This “crack cocaine for CFOs” was also extensively used by Carillion until it collapsed.
The world’s seventh largest construction and services company (by sales), with subsidiaries around the globe, Grupo ACS, has revealed it is making extensive use of reverse factoring, a controversial financing technique that played a key role in the collapse of UK construction giant Carillion. In a conference call with analysts, ACS chairman, Florentino Perez, said the firm has been rolling out factoring “across the group,” to “more efficiently manage cash flows and match revenues and costs over the course of the year.”
The admission by ACS that it is using reverse factoring of payables across its vast global empire has spooked investors, given the malign role this supply chain financing tool played in the collapse of Carillion. As Fitch ratings wrote in a report last year that reverse factoring essentially served as a “debt loophole,” enabling Carillion to hide the true scale of its growing debt load. But not indefinitely. In January 2018, it collapsed in almost free-fall fashionunder the sheer weight of that debt.
The global operations of ACS, a Spanish company, are significantly larger than Carillion. Its decision to disclose its use of factoring was probably prompted by recent allegations from Hong Kong research group GMT about the rampant use of reverse factoring of payables and other “accounting shenanigans” at ACS’ Australian subsidiary, CIMIC, which is majority owned by ACS’s Germany subsidiary, Hochtief.
In a report released on April 30, GMT Research said that CIMIC, which builds many of Australia’s biggest infrastructure projects, was using “factoring agreements” with banks and financial institutions to create the illusion of cash flow, reduce the appearance of debt, and lower the appearance of its leverage ratios.
CIMIC initially responded to the accusations by saying its accounts are fully audited, fully compliant, and accurate. But that didn’t seem to work. So, in its half yearly report in mid-July it admitted that its factoring level was close to $2 billion, though it did not differentiate between “reverse factoring” and classic “factoring.” Like most companies, CIMIC lumps the two together on its balance sheet under “trade and other payables.”
In July, the company also reported weaker half-year results than expected, including significantly lower operating cash flow. The news triggered a brutal sell off of its stock, which tumbled 19% in one day’s trading. The shares are now at a three-year low, having plunged 29% since mid-July and 35% since GMT first published the report:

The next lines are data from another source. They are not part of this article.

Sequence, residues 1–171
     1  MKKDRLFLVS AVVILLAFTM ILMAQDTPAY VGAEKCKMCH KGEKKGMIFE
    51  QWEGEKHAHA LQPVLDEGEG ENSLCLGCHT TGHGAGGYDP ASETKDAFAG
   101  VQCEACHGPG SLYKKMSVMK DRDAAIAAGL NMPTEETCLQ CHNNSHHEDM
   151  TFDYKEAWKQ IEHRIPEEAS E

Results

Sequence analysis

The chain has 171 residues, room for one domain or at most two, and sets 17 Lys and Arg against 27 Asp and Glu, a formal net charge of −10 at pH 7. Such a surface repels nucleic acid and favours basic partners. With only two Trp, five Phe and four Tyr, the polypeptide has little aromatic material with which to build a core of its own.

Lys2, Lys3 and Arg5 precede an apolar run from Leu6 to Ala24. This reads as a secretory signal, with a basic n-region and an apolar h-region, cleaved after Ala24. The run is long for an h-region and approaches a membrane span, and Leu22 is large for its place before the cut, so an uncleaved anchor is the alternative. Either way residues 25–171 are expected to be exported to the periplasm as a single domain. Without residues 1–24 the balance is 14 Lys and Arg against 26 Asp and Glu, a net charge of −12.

Investors are clearly worried, and probably with good reason. According to Australia Financial Review, “CIMIC has developed a reputation for poor transparency” since its takeover by ACS in 2014, “refusing to answer questions from the media and refusing interviews, even when it reports financial results.”
Here’s how reverse factoring works: a company hires a financial intermediary, such as a bank or a specialist firm to pay a supplier promptly (e.g. 15 days after invoicing), in return for the supplier accepting a small discount. The company repays the intermediary at a later date, often on more extended terms than it had with the supplier.
Both sides feel like they have benefited: the supplier gets quick access to the cash it’s owed, albeit at the price of forgoing a small piece of that cash, while the buyer is able to borrow money without having to disclose it as debt, meaning that it can extend its payment terms and expand its borrowing, while maintaining its leverage ratios.
Investors and auditors are often left none the wiser, since it’s entirely up to the company whether it chooses to classify this new debt as a loan or as trades payable. Most choose the latter. It is virtually impossible to discern by looking at a company’s trade payables whether reverse factoring of payables is being included unless the company expressly says so. Most choose not to.
And it’s not just CIMIC that is making extensive use of factoring and reverse factoring, but ACS’s entire global business. ACS said in its interim results released on Monday that its total factoring bill was running at €2.3 billion ($3.7 billion) at the end of June. Hochtief said it had factored €1.7 billion. Neither company differentiated between factoring and reverse factoring, so investors are still not much the wiser.
Reverse factoring has been in practice for decades but has hugely expanded in recent years, although no one really knows by how much due to the lack of disclosure by the firms that use it. As cash flows get squeezed and debts are piling up, the temptation has grown to use reverse factoring to improve the outward appearance of cash flows and reduce the outward appearance of “debt” and their leverage ratios. Banks and specialized financial institutions in the supply chain finance industry are more than happy to meet that demand.
“This is crack cocaine for CFOs,” says Dean Paatsch, of Australian governance advisory service Ownership Matter. “Once they start using it, it’s very difficult to stop.” Large users include telecoms, consumer good companies, chemicals, retail, aerospace and, of course, the construction industry.
Getting addicted can be dangerous. When a company gets into financial distress, its bank simply cancels the reverse factoring program, leaving the company stranded and having to scratch together enough funding to pay down its accounts payable to the terms agreed to with suppliers. For a company that is already in dire financial straits and whose last major source of cash flow has just disappeared, it’s an impossible task — hence the reason why a 200-year old company like Carillion collapsed so quickly and with so little warning. By Nick Corbishley, for WOLF STREET.